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Various Authors 11:01 a.m., Dec. 10
Had he lived, venerable comedian Bob Hope would have turned 1,478 yesterday. In honor of the occasion, TCM dragged a river in Toluca Lake and pulled out a few prime catches.
My lips moved along with the dialog while reexamining late period goo like Bachelor in Paradise and I'll Take Sweden, but I hadn't seen A Global Affair since dad took me to the Nortown the week it opened.
A baby is abandoned at the United Nations. Since it's neutral territory, it's up to America's Secretary of Mirth to select a suitable country for the tyke to call home.
As a kid, Bob's third act plea to the UN to save the child's life hit me harder than Cary Grant begging a judge to gain custody of an adoptive toddler in Penny Serenade. It still has the same power, only now for different reasons.
Hope was in his 60's when he made it, but that didn't stop young hot 'international' broads -- and Yvonne Decarlo, no doubt representing Transylvania -- from trying to bed the fossilized funnyman. Decarlo plays a character named Dolores. It was the only bone Bob ever threw his wife. I often wonder whether Bob had Barney McNulty kneel at the foot of his bed and hold up a cue card that read "ORGASM" every time the petrified jokester was about to spit. But seriously, ladies and gentlemen, this is such an unqualified disaster, that it could have bumped Call Me Bwana from the #1 spot.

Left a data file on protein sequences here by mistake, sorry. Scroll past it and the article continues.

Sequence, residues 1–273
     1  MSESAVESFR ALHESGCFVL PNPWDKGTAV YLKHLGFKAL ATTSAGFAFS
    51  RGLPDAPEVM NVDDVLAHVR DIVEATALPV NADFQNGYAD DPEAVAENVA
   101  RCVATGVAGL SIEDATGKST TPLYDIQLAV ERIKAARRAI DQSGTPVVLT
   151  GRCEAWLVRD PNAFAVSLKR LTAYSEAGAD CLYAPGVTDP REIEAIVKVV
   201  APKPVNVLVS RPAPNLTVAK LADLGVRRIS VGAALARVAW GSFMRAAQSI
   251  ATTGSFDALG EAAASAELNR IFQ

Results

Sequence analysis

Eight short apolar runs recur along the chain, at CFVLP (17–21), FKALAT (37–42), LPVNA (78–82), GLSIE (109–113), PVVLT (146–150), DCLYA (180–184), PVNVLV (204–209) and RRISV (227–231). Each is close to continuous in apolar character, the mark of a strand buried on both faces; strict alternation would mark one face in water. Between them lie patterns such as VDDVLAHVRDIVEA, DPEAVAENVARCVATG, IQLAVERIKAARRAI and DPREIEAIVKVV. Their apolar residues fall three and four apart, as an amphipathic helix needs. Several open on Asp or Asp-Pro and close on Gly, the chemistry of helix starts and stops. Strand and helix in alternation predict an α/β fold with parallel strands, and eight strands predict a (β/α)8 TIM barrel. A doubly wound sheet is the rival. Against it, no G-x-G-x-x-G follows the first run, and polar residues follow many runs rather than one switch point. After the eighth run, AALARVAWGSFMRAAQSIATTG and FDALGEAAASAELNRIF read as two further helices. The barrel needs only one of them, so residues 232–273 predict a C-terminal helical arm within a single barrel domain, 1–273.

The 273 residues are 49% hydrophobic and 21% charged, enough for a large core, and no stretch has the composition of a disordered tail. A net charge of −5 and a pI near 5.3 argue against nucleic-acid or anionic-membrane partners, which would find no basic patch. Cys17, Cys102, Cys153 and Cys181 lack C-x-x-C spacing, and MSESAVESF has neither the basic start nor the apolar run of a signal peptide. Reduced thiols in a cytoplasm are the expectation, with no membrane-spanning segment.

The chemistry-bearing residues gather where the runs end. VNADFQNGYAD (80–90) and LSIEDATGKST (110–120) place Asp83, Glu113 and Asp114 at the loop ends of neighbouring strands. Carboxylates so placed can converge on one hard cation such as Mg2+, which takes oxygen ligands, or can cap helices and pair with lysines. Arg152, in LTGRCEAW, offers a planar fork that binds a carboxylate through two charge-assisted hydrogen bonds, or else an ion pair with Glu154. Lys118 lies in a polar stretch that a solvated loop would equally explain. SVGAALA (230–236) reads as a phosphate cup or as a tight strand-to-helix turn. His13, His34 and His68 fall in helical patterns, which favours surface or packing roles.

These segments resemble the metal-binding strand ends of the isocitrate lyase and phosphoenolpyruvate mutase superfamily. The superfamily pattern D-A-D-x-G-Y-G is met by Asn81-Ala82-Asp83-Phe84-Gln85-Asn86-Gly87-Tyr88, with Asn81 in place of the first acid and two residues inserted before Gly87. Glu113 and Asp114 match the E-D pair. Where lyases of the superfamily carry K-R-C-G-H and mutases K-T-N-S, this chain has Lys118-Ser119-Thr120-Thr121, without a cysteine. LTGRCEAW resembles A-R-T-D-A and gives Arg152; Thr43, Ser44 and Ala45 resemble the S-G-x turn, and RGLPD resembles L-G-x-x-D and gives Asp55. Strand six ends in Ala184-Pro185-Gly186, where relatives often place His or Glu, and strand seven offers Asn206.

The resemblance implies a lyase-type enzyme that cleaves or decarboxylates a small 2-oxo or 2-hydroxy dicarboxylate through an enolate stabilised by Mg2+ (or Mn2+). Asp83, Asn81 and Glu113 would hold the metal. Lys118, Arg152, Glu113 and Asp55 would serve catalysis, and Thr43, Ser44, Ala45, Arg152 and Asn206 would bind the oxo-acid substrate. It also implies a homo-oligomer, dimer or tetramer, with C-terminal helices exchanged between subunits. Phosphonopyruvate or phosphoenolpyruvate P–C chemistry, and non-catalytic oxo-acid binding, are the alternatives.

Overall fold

And what's with this full-frame horseshit? It's not available on DVD. (You don't want children getting their hands on this stuff, you know.) Can't TCM take the time to letterbox Hope's films? They show widescreen copies of garbage like "Casino" and "Lola Montes," why not extend the same honor to masterworks like Global and The Seven Little Goys?
Oh, yeah. It was directed by Jack Arnold during his 'Incredible Shrinking Talent' period.